After x-country skiing in the first half of the day, we had our lunch, lounged around and then went for a hike. Everyone My husband and I were eager to get outside once again out of the small confines of our yurt. There was some debate amongst the smaller folk about whether or not snow shoes should be worn which we handled quickly skillfully with the “we know best” parent card.


Needless to say our eldest was not so pleased, but once we were out on the trail he quickly forgot. Of course I debated in my head whether to just let him learn on his own that going on an unknown trail full of lots of snow was likely done best with snow shoes and not just winter boots. But I quickly dropped that idea when I imagined just how treacherous it might get not to mention the complaining voices of my children as they were unable to get up the snow-covered hilly paths ahead of us. Perhaps it was selfish, as I did not want my nature hike spoiled by unhappy children. Some might say it was good planning.


Once on the path we were all pretty happy. The fresh air, the beautiful snow-covered scenery and the promises of discovering more beauty on the trail kept us going.


We traveled all the way down to the frozen lake to see what we could see. People ice fishing in the distance and snowmobiling up close. We had our own little show as we sat on a bench ate snack and stared out onto the frozen lake.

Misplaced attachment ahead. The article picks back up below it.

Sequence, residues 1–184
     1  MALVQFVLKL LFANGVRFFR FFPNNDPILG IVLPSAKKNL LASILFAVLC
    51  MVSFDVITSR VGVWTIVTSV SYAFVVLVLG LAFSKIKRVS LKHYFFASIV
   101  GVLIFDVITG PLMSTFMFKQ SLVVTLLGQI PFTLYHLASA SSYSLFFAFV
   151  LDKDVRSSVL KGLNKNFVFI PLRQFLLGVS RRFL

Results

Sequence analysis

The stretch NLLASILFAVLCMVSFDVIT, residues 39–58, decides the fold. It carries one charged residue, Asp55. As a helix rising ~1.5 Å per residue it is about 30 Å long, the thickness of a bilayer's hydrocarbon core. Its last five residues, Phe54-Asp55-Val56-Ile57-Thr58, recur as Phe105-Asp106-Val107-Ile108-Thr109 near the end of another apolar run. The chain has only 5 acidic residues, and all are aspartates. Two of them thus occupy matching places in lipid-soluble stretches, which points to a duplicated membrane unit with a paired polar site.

Anyway, after snack we headed back, continuing to follow the hiking sign where we had left off to detour to the lake. There were some steep slopes to climb and I’m pretty sure both kids were glad they had their snowshoes on for grip. At some point my youngest and I were far behind my eldest and my husband. I could see that even with the snack break his energy was waning. The sun was going down and coloring the sky with it’ s beautiful glow. I took my son’s slow pace as an opportunity to take some pictures and bask in the beauty while pointing it out to him.


His interest in the beautiful scenery began to dwindle the more we hiked trying to catch up with the other half of our family. His tolerance for hiking was diminished. It reminded me of one of the ice fishers who had passed us on the way down to the lake who had pushed by us with a scowl on his face. His partner had happily answered my inquiries in passing about how they had faired, letting me know that they had not caught anything. I felt I had to be like the partner who was able to let go and appreciate the present.